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SAT concordance table - compare old and new SAT scores

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Replies to: SAT concordance table - compare old and new SAT scores

  • KennyTKennyT Registered User Posts: 11 New Member
    Because the CDS data is based on 2016-17 applicants/admits, it is not useful for Class of 2017-18. Most of the schools are using the inaccurate concordance predictions, regardless of the fact that they have the actual data. Many keep using last year's data, notwithstanding the availability of current figures. I believe that the fact that the new SAT scores came out much lower than predicted led many schools to play games. Some examples. Chicago still hasn't and won't release its info until 3rd week of semester. Grinnell still has class of 2015 numbers. Wesleyan, Bowdoin, Carleton all play games and really suggest that the scores on the SAT were really the numbers predicted by the Concordance Table. When you compare their numbers with Princeton and Stanford's one would think Princeton and Stanford's middle 50 and medians are significantly below those schools. Moreover, some midwest states were hit hard by the political divide as described by this interesting article. http://kenyoncollegian.com/2017/04/13/political-divide-impacts-class-of-2021-admissions/ . In my view, this has led insecure administrators to try to hide the actual numbers until forced to do so. Having spent far too much time trying to decipher all of this, I am absolutely convinced that the new SAT scores in the 1300-1600 ranges will be significantly lower than the old, as much as 40-80 points.
  • homerdoghomerdog Registered User Posts: 1,412 Senior Member
    This is so messed up. So @KennyT , are you saying that 2018 kids (and maybe 2019 kids) are looking at inflated numbers because some schools are using the concordance table but, in reality, the numbers are much lower? Ugh!

    What about asking a school directly? S19 has tons of admissions reps coming for one hour presentations starting this week. He's going to two on Thursday. Maximum 50 kids per session but I think some have far fewer kids. Could he ask about the 75th percentile for the SAT last year? Wonder what they would say....
  • evergreen5evergreen5 Registered User Posts: 202 Junior Member
    edited September 12
    @homerdog Some colleges put the data right on their websites, but many have not updated yet with Class of 2021 stats. See, e.g., Carleton https://apps.carleton.edu/admissions/apply/requirements/profile/ (class of 2020 profile). It seems to me that individual college websites might be the only place to get New SAT data if the 2017-18 CDS should mix Old and New, with one set concorded to the other. If the CDS does that, it will be unhelpful where scores are concerned. In addition to college websites, there may be the random admissions blog or news article that includes New SAT numbers. It's hit-or-miss.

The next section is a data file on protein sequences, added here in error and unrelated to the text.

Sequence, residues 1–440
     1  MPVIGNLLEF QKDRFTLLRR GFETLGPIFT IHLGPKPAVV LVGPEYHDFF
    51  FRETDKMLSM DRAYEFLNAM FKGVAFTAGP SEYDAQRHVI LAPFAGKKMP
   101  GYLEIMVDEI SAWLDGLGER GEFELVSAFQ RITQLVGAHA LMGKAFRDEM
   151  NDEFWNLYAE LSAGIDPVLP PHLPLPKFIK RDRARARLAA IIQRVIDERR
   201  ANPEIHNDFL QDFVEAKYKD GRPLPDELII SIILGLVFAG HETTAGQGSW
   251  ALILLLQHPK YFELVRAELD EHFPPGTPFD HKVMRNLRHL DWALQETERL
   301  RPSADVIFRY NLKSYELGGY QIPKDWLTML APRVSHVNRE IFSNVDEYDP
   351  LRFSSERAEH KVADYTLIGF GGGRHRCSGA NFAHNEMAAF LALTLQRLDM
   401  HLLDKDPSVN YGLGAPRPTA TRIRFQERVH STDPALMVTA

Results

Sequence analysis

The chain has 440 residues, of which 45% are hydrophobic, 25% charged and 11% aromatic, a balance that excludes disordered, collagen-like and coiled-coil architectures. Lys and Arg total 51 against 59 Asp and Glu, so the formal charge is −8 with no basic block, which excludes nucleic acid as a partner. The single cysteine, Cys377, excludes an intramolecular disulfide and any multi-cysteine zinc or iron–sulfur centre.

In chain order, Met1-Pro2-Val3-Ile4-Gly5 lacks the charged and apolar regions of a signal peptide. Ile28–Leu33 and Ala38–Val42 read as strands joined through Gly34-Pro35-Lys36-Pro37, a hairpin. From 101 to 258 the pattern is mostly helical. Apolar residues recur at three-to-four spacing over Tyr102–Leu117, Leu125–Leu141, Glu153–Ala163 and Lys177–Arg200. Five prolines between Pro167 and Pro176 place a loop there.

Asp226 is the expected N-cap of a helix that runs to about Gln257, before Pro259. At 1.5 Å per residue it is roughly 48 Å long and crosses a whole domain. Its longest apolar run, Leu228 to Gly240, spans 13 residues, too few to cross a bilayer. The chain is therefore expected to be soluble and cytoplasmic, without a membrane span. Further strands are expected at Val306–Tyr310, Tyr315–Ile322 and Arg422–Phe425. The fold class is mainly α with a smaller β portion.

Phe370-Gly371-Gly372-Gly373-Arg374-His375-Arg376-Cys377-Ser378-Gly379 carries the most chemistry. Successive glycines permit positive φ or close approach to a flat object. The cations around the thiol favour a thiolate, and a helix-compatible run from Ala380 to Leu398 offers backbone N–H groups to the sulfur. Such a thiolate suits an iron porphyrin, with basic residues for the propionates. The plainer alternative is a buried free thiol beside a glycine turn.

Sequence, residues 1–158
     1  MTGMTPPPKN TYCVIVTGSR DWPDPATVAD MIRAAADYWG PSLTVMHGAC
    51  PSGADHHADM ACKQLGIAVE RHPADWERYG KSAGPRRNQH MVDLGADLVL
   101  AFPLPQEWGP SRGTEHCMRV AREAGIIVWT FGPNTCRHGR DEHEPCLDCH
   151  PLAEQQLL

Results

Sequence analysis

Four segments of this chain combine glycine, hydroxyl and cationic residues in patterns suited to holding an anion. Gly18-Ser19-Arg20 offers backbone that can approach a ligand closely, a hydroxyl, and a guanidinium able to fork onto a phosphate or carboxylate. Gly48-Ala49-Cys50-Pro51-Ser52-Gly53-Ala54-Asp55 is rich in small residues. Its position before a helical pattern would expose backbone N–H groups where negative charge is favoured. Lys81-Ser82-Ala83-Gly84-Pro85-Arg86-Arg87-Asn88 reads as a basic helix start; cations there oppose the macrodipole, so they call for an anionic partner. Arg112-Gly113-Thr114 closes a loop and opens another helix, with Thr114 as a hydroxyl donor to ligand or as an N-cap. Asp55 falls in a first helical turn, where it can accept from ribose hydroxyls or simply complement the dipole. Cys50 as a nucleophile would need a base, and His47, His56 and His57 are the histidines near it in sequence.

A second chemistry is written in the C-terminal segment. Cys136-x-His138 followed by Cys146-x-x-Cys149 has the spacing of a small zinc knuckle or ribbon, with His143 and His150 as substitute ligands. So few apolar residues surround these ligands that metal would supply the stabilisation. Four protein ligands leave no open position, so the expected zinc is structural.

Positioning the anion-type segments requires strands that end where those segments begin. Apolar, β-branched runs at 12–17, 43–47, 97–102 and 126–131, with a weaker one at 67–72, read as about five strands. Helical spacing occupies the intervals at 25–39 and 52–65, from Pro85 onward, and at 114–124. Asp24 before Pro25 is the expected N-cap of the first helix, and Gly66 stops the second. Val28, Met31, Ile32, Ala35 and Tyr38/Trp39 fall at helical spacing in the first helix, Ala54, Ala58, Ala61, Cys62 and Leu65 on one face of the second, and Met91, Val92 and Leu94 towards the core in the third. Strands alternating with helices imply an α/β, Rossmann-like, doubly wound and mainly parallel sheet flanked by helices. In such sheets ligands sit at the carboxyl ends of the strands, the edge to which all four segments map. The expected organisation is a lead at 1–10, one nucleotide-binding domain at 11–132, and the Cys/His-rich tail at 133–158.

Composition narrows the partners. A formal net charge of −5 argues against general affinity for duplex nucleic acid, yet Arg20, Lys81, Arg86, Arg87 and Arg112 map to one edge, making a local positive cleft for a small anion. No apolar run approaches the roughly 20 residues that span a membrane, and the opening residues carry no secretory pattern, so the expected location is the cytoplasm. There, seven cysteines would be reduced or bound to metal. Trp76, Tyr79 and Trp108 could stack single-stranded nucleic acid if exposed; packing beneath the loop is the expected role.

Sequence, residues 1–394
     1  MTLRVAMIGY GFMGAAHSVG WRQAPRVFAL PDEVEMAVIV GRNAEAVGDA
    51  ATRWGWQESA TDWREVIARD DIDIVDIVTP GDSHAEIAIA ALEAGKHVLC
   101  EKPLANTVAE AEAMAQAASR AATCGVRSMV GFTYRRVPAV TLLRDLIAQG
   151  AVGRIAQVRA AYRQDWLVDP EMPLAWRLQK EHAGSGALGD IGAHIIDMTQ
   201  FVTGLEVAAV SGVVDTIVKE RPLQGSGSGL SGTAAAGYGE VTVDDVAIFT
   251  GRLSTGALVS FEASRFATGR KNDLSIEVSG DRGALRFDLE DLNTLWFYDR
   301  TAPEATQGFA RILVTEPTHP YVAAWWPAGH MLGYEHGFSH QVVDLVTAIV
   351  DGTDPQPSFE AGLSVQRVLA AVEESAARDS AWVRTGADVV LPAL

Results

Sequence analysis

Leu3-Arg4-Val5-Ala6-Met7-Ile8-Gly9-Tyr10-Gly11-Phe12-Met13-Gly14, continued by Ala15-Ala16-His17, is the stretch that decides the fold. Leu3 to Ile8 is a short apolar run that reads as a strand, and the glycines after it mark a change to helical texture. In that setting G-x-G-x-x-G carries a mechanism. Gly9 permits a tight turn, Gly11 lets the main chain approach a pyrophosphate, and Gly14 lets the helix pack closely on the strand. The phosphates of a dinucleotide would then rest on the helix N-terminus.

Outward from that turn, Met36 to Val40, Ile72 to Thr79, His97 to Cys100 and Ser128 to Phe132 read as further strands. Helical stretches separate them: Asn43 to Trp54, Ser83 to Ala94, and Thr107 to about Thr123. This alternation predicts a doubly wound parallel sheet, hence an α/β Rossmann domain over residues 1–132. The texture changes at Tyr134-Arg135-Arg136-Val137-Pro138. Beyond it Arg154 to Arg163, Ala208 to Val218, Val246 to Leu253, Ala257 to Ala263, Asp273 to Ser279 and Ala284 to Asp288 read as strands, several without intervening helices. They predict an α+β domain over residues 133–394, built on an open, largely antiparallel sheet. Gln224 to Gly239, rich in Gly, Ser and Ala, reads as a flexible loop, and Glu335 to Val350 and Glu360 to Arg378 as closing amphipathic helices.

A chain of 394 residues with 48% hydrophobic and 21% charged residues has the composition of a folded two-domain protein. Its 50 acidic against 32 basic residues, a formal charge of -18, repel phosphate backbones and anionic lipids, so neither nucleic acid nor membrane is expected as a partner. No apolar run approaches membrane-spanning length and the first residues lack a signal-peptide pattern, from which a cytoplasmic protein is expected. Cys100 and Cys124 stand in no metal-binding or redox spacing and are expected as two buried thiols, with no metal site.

• homerdoghomerdog Registered User Posts: 1,412 Senior Member
    edited September 12
    @evergreen5 I've seen that page on the Carleton site but it does not say it's using New SAT data on that bar graph. And it doesn't call out 75th percentile. All you can kind of see is that 3/4 of the enrolled kids who used an SAT score got above a 1400.
  • evergreen5evergreen5 Registered User Posts: 202 Junior Member
    @homerdog That's only because class of 2020 did not take the New SAT. Still, whether a college breaks out New and Old scores on its website will vary by school. A few schools have done so already and most of those are cited somewhere in this long thread. E.g., Vanderbilt, Williams.
  • homerdoghomerdog Registered User Posts: 1,412 Senior Member
    Davidson called out New SAT on their website. I guess the place for me to search is not common data sets, but the schools' websites.

    Davidson Class of 2021 New SAT
    CR-W 650-730 Math 640-730.

  • KennyTKennyT Registered User Posts: 11 New Member
    homerdog, that's exactly right. One good thing is that it's a bonus for class of 2018 high school grad who took the new SAT and now realize they did better than they thought.

    The only way to really know what a school's number are is to be very specific. Ask are the middle 50% numbers for class of 2020 or 2021; are they for admitted or enrolled; are they actual numbers or are they "concorded?" All of the more competitive schools that I have reviewed which have current data appear to have new SAT scores which are lower than the old SAT. The best comparison I've been able to make is to take their 2015-16 (pre new SAT) scores. That is pretty close to where the new SAT scores come in. An easy way to see is to look at Stanford and Princeton and compare to Bowdoin and Wesleyan. Here are the links.

    https://admission.princeton.edu/how-apply/admission-statistics
    http://admission.stanford.edu/apply/selection/profile.html
    http://www.bowdoin.edu/admissions/glance/index.shtml